Are sermons dying? I don’t mean is your preaching killing people, but are sermons themselves going the way of the dodo bird — headed for extinction? Worship in most evangelical churches, and that includes many small churches, still resembles evangelical worship in 19th century churches — singing, prayer, offering, preaching, invitation. Charles Spurgeon would be proud. Or would he?
Read Kevin Kelly’s post about Clay Shirky’s talk on media here. Then, watch the video of Shirky’s talk in its entirety — about 8-minutes. You’ll be glad you did.
One of Shirky’s main points is that the main media in our culture — TV — has served to siphon off our collective creativity. Shirky has some fascinating stats on how many hours we watch TV, how many hours it took to do the entire Wikipedia project (which is still on-going, obviously), and how much brain power is out there. He ends with the story of the 4-year old looking for the mouse.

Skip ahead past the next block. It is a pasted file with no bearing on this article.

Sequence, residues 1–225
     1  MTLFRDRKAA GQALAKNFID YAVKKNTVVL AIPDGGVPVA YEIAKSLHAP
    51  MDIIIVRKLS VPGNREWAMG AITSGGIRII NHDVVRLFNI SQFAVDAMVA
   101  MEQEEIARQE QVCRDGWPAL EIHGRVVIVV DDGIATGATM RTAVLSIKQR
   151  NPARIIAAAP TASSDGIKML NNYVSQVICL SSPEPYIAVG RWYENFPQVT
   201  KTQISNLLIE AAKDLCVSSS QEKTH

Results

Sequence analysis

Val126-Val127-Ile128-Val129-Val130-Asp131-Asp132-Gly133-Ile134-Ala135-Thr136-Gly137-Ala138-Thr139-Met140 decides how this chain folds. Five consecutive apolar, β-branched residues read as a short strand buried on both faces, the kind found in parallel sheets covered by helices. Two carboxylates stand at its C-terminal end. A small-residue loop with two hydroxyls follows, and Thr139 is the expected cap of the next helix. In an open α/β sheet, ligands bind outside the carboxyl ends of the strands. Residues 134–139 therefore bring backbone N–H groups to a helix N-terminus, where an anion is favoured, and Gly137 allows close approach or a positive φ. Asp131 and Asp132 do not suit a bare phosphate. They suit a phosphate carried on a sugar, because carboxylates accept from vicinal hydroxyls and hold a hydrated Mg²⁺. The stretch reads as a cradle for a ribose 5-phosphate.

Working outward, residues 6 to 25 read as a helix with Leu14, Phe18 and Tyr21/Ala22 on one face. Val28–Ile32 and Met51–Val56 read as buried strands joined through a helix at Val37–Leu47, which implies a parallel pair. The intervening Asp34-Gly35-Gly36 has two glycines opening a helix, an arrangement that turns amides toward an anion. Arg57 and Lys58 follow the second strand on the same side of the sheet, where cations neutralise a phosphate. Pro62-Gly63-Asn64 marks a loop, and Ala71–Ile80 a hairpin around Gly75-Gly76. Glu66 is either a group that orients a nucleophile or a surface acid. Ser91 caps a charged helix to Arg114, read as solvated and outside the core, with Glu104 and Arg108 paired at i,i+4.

Which brings me back to my question — if our culture is moving toward a producer society where everybody can participate, what’s the future of the sermon? At least the sermon as we know it — one guy or gal talking without interruption for 15-20 minutes, no questions, no comments, no participation.
Or are sermons just a form of message delivery, honed to a fine edge during the 19th century? And, if sermons are just a form of delivery and not inherently indispensable, what will replace them? What message delivery forms will we see in the 21st century? Do powerpoints and film clips imbedded in sermons present us with a new message delivery platform, or are they just the old sermon dressed up in 21st century technology? What would a real 21st century “sermon” look like? Where would it be delivered? What media would carry it? Just asking….